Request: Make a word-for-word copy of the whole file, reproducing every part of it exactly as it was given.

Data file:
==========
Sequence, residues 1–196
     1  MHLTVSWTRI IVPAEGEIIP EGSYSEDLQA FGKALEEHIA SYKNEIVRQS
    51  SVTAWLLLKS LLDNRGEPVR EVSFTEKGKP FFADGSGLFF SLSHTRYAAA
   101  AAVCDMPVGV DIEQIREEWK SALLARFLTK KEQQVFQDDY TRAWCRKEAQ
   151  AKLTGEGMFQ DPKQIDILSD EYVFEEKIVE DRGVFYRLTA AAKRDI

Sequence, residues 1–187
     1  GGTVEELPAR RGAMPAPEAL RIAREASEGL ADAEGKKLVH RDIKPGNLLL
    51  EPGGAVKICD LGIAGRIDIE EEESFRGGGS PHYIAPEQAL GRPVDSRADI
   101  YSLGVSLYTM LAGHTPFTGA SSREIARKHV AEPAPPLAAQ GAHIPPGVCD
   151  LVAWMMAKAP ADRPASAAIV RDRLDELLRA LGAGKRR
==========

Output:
Sequence, residues 1–196
     1  MHLTVSWTRI IVPAEGEIIP EGSYSEDLQA FGKALEEHIA SYKNEIVRQS
    51  SVTAWLLLKS LLDNRGEPVR EVSFTEKGKP FFADGSGLFF SLSHTRYAAA
   101  AAVCDMPVGV DIEQIREEWK SALLARFLTK KEQQVFQDDY TRAWCRKEAQ
   151  AKLTGEGMFQ DPKQIDILSD EYVFEEKIVE DRGVFYRLTA AAKRDI

Sequence, residues 1–187
     1  GGTVEELPAR RGAMPAPEAL RIAREASEGL ADAEGKKLVH RDIKPGNLLL
    51  EPGGAVKICD LGIAGRIDIE EEESFRGGGS PHYIAPEQAL GRPVDSRADI
   101  YSLGVSLYTM LAGHTPFTGA SSREIARKHV AEPAPPLAAQ GAHIPPGVCD
   151  LVAWMMAKAP ADRPASAAIV RDRLDELLRA LGAGKRR